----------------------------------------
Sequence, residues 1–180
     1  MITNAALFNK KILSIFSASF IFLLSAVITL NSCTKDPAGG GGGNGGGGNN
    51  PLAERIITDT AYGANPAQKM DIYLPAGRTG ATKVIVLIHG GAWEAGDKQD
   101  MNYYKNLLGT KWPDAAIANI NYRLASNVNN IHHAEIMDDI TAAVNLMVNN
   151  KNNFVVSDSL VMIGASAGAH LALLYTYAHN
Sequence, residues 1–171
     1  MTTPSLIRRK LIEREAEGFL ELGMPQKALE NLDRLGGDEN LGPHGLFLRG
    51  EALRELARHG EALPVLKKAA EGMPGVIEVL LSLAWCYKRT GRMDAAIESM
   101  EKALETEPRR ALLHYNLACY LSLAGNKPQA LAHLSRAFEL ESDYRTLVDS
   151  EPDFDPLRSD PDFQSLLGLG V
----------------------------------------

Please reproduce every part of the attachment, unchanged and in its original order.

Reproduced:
Sequence, residues 1–180
     1  MITNAALFNK KILSIFSASF IFLLSAVITL NSCTKDPAGG GGGNGGGGNN
    51  PLAERIITDT AYGANPAQKM DIYLPAGRTG ATKVIVLIHG GAWEAGDKQD
   101  MNYYKNLLGT KWPDAAIANI NYRLASNVNN IHHAEIMDDI TAAVNLMVNN
   151  KNNFVVSDSL VMIGASAGAH LALLYTYAHN
Sequence, residues 1–171
     1  MTTPSLIRRK LIEREAEGFL ELGMPQKALE NLDRLGGDEN LGPHGLFLRG
    51  EALRELARHG EALPVLKKAA EGMPGVIEVL LSLAWCYKRT GRMDAAIESM
   101  EKALETEPRR ALLHYNLACY LSLAGNKPQA LAHLSRAFEL ESDYRTLVDS
   151  EPDFDPLRSD PDFQSLLGLG V